New Orleans— Cable stocks, hammered during the beginning of the year, are enjoying a resurgence after most of the sector reported strong first-quarter results. But according to a panel of analysts at last week’s 2008 Cable Show, investors should brace for a seasonal downturn in the traditionally weak second quarter.
Cable stocks were down a collective 40% in 2007, as investors fled the sector because of concerns about competition and continued to fall in the beginning of this year. But because of an April resurgence — fueled by strong first-quarter basic and advanced-services subscriber growth — the stocks are up about 10% so far this year as a whole. Cable stocks are up about 19% since April.
Goldman Sachs cable analyst Ingrid Chung said that the tide began to turn as investors could see that cable was indeed fighting back the competition.
“Sentiment around the sector has really changed in the past two months,” Chung said during the panel discussion. “People are a lot more positive.”
Wachovia Securities media analyst Jeff Wlodarczak said that the reason for the 2007 downturn was that investors believed at first that Comcast would not report strong telephony subscriber-growth numbers during the first quarter of that year. When the company did — Comcast added 571,000 phone customers in the first quarter of 2007, more than twice that of the previous year — sentiment went in the other direction, with investors expecting the company and the cable industry as a whole would report growth that they couldn’t ultimately achieve.
“What happened in 2007 was an unwinding of unrealistic expectations,” Wlodarczak said.
While the sector has reported strong results across the board for the first quarter of 2008 — Time Warner added 50,000 basic subscribers and Comcast added 639,000 phone customers, just to name a few — investors could be in for a little surprise in the second quarter, the analysts said.
“The second quarter is usually the weakest,” Wlodarczak said. “We’ll see how people react to a pretty dramatic reversal in the second quarter.”
One metric that usually takes a hit during the second quarter is basic-subscriber growth, as some customers disconnect service as they leave for their summer residences. And though the industry has tried to move investors and analysts away from emphasizing basic customer growth too much, the panelists still believe it is an important metric.
“A lot of people look at basic subscribers as a building block for the business,” said Deutsche Bank media analyst Doug Mitchelson.
Wlodarczak said that the efforts to de-emphasize basic subscriber growth may be coming too soon. The analyst believes that cable operators still have basic customer growth potential — he pointed to privately held Insight Communications, which grew basic subscribers by 5% last year and publicly traded Cablevision Systems, which grew basics by about 4,000 customers in 2007.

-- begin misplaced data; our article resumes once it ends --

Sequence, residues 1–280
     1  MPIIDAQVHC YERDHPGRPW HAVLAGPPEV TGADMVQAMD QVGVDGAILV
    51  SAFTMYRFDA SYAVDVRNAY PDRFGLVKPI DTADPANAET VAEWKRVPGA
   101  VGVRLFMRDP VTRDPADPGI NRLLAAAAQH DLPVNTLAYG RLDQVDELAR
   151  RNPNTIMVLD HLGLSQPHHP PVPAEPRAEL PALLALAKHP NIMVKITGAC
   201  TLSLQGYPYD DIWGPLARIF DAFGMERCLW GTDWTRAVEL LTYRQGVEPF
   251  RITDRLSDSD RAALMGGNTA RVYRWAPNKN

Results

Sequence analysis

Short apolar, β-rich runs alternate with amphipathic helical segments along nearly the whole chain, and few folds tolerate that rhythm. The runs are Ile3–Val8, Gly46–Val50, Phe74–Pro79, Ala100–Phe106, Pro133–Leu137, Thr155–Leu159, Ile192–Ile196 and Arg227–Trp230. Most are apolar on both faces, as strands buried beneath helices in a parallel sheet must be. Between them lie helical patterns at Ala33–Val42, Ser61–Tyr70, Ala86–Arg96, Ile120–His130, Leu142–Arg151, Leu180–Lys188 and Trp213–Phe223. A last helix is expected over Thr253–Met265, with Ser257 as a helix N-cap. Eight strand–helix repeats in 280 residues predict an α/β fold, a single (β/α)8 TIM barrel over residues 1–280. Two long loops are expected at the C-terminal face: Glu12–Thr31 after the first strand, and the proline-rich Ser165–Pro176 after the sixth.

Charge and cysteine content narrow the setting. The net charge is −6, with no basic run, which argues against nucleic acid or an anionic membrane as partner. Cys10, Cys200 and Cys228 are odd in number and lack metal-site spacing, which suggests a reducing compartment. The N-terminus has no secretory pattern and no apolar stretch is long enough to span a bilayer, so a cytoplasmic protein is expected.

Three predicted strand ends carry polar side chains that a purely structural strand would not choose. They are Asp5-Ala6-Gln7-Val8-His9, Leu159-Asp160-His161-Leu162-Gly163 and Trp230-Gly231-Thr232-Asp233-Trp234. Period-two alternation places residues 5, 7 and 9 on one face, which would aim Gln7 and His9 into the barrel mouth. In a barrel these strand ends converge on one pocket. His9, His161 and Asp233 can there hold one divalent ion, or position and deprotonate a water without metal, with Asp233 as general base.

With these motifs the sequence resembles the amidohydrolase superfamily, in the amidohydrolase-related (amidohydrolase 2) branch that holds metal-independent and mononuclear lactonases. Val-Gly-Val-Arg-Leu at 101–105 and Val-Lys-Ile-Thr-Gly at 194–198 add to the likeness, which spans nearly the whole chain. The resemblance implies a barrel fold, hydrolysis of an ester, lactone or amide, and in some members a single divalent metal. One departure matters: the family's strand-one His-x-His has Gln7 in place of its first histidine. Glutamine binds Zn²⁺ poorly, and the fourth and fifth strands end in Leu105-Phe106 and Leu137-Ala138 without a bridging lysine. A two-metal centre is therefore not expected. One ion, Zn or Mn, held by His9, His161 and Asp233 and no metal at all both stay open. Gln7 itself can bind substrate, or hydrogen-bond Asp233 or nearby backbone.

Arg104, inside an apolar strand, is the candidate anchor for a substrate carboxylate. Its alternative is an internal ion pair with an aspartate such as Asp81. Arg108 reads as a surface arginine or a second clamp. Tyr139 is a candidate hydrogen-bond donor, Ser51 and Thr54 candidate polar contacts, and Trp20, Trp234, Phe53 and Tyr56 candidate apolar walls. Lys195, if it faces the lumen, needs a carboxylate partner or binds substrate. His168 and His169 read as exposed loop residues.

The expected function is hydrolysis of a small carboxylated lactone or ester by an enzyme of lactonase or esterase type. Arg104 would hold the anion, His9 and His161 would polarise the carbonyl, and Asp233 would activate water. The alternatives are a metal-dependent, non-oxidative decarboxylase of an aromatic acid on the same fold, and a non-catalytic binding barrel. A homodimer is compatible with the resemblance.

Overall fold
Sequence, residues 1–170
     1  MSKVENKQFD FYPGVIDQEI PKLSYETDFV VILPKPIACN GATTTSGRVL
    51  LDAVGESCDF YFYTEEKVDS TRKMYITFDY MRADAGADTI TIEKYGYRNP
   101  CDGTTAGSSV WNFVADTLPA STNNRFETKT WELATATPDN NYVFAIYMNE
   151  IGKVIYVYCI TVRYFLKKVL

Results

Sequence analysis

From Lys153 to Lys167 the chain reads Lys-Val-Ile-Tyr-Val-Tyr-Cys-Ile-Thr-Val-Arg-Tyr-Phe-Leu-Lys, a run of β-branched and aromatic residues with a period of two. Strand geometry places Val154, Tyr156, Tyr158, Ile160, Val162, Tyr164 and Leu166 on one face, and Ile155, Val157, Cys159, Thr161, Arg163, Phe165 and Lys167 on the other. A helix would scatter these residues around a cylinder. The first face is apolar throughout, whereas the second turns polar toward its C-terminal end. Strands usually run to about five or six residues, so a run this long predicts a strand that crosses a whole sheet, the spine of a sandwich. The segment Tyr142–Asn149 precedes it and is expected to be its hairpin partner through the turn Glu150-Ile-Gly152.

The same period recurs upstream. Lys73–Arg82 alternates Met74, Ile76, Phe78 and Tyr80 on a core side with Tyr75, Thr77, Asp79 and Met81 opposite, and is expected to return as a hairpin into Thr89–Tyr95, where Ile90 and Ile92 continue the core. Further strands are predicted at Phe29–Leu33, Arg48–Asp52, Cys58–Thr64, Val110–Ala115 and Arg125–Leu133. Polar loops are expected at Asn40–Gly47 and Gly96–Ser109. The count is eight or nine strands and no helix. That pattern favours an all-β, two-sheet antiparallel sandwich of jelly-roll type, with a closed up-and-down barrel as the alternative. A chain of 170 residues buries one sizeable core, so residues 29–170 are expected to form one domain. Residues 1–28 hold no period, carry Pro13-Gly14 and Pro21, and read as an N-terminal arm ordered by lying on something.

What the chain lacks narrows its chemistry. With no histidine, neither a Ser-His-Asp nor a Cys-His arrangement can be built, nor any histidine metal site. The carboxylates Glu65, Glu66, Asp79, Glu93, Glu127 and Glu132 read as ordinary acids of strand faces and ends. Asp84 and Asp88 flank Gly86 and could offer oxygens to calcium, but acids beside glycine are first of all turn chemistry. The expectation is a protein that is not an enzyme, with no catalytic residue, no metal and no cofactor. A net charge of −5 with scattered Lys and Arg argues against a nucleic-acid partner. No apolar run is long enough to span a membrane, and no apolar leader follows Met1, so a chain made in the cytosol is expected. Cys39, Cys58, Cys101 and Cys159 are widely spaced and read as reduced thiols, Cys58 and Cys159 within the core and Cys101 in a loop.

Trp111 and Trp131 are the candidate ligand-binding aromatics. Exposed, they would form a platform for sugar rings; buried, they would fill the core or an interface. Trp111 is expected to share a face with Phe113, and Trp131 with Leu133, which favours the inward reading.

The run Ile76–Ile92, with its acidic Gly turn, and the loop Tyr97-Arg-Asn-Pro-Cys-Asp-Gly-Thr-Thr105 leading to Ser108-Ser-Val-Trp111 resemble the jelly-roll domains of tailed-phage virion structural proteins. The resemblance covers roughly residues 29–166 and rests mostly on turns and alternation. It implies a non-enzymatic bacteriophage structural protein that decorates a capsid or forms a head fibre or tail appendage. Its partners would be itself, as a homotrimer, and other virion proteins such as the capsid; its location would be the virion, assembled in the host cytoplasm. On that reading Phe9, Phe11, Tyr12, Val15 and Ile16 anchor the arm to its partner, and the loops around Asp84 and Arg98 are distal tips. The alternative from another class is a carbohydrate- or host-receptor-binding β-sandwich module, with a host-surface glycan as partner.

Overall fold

“I’m a little nervous that cable gave up a little too quickly,” Wlodarczak said.
Despite the promising first quarter, cable stocks continue to trade at near historically low multiples — about 6 times cash flow.
Chung said that cable operators should trade higher, if just for the fact that they have higher growth rates. She added that recent developments like the Sprint Nextel-Clearwire joint venture — which also includes Comcast, Time Warner Cable, Bright House Networks, Intel and Google — to build a WiMax high-speed wireless broadband network, should give cable an ever greater advantage.
“If the Sprint-Clearwire JV is the magic pill, and there isn’t this additional cycle of capex in front of them, there should be higher multiples,” Chung said.
While cable may still have the potential to grow basic customers, another segment — business voice and data services — could prove to be a bigger growth driver in the near future.
At a separate panel discussion last Tuesday, Heavy Reading senior analyst Alan Breznick said that small businesses — those with fewer than 100 employees and initially the main focus of cable operators — spend about $50 billion annually on phone and data services.
While cable has been relatively slow to the business market — the industry has roughly 1 million business customers, led by Time Warner Cable with 280,000 customers — the industry is beginning to gather steam, Breznick said.
“The key is if cable can step up to the plate and show that they can match or exceed the performance reliability of the phone companies,” Breznick said.
From a Wall Street perspective, the potential returns from commercial communications are huge. Morgan Stanley media analyst Ben Swinburne estimated that cable companies could generate about $300 per month of revenue from each commercial phone and data customer, translating into a cash flow margin of between 50% and 60%. Given the capital outlay for providing the service — about $1,000 for each customer added — Swinburne estimated there is about a six-month payback for commercial service.
Swinburne added that cable companies also stand to reap big returns from other business services like cellular backhaul. He estimated that Wall Street expects total commercial revenue from the sector to reach between $6 billion and $8 billion by 2012, with cash flow in the $3.5 billion to $4 billion range.
UBS Securities media analyst John Hodulik said the biggest advantage for cable operators will be on the customer service front. Very small businesses — those with less than 10 employees, like pizza parlors and doctor’s offices — have been virtually ignored by the telcos.